Well you get an inner, outer, fibeglass poles, steel pegs, and a repair kit. The specs state the tent is 1.5 kgs, well not mine. The weight of the whole kit with all bags included was 1.720kgs. Individually with no bags they were: inner 553 grams, outer 440 grams, 16 pegs 330 grams, poles 298 grams, repair kit 35 grams. So my inner, outer, pegs, and poles come to 1.621 kgs. I weighed it post pitching so maybe I picked up some dirt or a lot of bugs.

The Inner and Sleeping

The inner is pitched first and the poles are inserted through a sleeve on the top and then clipped on the sides. It’s widely known that the poles are subject to breaking and I think it’s a twofold design problem. The poles are rather thin fibreglass but also the measurements are probably slightly on the tight side for the pole length. When pitching the foot end I felt I had to really push on the pole to get it to bend enough to fit in the footing strap. If the sleeve was slightly higher/wider it possible would make it easier without sagging the inner. If I keep the tent I most likely will buy an aluminium pole set.

The inner is a combination of no see um mesh and black mesh. I think this was a good idea or else it would have felt very enclosed with the outer on if it would have been all no see um mesh. There is a pocket on the side but no loop at the top for a light. The two pictures should give you an idea of the space with the roll mat out. It’s 180cms long.

Well at 6’2” I would say that I am definitely on the large size for the Solo. The top and bottom of the inner both angle down and this could leave you feeling very cramped if you were any taller. When lying on my side (how I sleep the most) or on my stomach there’s no problem. It’s when I’m on my back that my feet press against the inner. As you can see in the photo the inner comes down and then slopes sharply away. It means that when my feet are sticking up they press some against the upper part of the inner. At the top the sloping inner just misses my head unless I push right up.

When sleeping in it I didn’t feel especially cramped. It’s basically like sleeping in an airy bivvy bag I guess. You can sit up slightly but no chance of getting upright. The most annoying aspect of the tightness is when you need something near the bottom end. That’s one of the times when you really notice the small size.

The inner is where you most noticed it was an inexpensive tent in terms of quality. There are some threads that haven’t been trimmed and some of the stitching needed a little more care. As the picture left shows the seam is starting to move due to being to stressed. Moving the peg points didn’t seem to remove the pressure so I’ll have another look next time it’s up. I suspect it is pressure from the poles.

The Outer, Storage and Cooking

The Solo is inner pitching first and then the outer is placed over and pegged and guyed down. It attaches to the poles simply by tying on the straps shown in the picture above. There are vent holes at both ends that are covered by flaps with guy lines attached. Someone said they had water blow in through them but I had no problems.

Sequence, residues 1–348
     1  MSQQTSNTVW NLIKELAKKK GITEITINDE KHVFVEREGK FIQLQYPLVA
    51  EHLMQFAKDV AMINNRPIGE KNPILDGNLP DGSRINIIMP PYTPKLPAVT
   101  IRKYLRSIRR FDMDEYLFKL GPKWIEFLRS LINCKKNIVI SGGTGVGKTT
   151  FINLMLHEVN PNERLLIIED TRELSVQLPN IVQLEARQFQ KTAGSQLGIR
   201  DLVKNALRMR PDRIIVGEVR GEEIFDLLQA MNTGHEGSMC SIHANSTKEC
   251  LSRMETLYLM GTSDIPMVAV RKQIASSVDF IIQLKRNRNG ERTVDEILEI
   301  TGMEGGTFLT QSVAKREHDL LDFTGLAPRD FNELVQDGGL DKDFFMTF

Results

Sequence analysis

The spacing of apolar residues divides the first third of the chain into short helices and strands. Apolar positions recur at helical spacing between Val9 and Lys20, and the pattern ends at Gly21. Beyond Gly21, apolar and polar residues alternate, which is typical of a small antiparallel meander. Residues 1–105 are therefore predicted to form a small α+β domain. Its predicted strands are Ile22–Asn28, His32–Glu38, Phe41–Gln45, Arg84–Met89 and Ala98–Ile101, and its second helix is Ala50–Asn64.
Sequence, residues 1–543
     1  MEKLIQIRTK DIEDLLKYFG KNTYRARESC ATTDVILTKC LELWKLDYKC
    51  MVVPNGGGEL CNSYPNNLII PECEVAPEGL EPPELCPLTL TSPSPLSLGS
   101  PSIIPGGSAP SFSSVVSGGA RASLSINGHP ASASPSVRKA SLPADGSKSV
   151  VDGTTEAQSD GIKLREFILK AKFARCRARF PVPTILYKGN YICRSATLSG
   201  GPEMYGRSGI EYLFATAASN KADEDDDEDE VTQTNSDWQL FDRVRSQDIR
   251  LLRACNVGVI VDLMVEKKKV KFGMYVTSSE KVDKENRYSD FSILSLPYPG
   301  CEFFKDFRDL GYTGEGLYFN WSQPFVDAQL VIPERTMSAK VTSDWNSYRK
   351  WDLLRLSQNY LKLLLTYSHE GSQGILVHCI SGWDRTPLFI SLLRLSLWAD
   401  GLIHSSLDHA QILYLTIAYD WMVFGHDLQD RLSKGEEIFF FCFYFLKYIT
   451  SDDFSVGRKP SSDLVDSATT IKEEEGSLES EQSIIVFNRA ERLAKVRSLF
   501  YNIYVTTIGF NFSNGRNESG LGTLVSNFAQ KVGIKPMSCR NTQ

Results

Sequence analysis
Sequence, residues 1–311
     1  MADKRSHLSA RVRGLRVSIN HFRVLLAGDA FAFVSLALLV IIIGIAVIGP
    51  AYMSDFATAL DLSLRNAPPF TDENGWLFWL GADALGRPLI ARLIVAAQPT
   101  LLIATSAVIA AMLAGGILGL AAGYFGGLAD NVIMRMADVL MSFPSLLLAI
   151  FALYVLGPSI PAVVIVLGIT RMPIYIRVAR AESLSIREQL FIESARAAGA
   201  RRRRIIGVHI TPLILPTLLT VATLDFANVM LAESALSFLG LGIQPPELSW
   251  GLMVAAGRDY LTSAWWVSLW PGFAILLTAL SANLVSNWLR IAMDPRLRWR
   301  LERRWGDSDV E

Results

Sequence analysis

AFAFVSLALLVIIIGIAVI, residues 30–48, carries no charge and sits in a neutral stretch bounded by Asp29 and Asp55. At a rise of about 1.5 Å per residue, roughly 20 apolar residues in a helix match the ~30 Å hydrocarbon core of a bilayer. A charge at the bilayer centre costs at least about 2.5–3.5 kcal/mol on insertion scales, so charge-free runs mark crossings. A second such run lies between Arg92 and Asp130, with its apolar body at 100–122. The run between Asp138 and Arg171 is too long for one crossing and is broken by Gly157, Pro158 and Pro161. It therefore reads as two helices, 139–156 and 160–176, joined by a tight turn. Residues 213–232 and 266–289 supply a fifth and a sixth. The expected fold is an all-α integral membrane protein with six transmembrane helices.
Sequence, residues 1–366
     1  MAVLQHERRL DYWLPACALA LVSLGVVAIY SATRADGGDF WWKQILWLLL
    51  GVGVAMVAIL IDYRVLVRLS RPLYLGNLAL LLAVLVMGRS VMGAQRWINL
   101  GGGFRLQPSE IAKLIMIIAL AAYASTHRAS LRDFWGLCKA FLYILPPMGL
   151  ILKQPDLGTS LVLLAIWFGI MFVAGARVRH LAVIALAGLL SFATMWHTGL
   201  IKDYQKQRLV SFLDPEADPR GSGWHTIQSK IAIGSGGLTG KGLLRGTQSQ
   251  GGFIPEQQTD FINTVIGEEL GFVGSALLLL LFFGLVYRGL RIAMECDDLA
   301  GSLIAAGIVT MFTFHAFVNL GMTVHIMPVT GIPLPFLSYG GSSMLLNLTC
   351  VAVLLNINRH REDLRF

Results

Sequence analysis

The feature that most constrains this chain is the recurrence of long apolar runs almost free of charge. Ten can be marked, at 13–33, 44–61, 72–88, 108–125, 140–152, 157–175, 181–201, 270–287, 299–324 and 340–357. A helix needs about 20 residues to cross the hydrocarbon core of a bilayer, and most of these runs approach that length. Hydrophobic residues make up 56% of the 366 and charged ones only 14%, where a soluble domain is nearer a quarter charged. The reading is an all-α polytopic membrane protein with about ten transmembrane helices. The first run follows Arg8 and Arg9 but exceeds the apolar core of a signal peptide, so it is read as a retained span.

The outer is rated at 1500mm and I had no water come through whilst it was up and there was some good, sustained rain during that time. I seam sealed it the day it went up so I’m not sure about the seam sealing as sold. When I woke up after the night in it there was some condensation. It was the standard haze that I would expect on any tent. The sort that if you run your finger across it will turn into a bead. There is good separation between the inner and outer so it shouldn’t be a problem.

I did get some water leak in through the groundsheet, also 1500mm. It was only a small spot and the ground was rather sodden under the tent. I've had a further look at it and the water entered through the seam in the groundsheet. It would appear that they removed a line of stitching as it was in the wrong place. I've seam sealed it and will tape it as well but again it shows the lack of quality control.

The door rolls up and makes getting in and out easy. Well as easy as can be. You have to sort of lie back and slide or roll in. There’s not much gear space and the rucksack in the picture is a 35L. The best place for it would be on the non door side as shown.

It’s roughly 15 inches from the inner to the bottom of the zip of the door on the outer. The boots hopefully give some idea of space.

You would have to be a brave, or insane, person to cook with the door closed. So my solution was a spare tent pole and guy line to prop the door up. A walking pole would serve the same purpose. Some rain still blew in whilst cooking through the gap. If out camping properly I would use a rain cape over the gap to give some more shelter. As you would have guessed any cooking is done lying down.

Overall Thoughts

The longer camping trip will make my mind up whether I keep the tent or not. From my one night in it I’m sure I wouldn’t want to use it on an extended trip, especially if it rained a lot. I like to sit up in the morning and stretch. You just can’t do that in the Solo.

It’s a great tent for the price but you get what you don’t pay for. Some quality control is lacking and space is limited. In short if you can cope with small spaces and you don’t have much cash then buy it. Just be prepared to either make some upgrades and changes eventually or start saving for the replacement. Which might be a Hike-Lite, if you can still find one.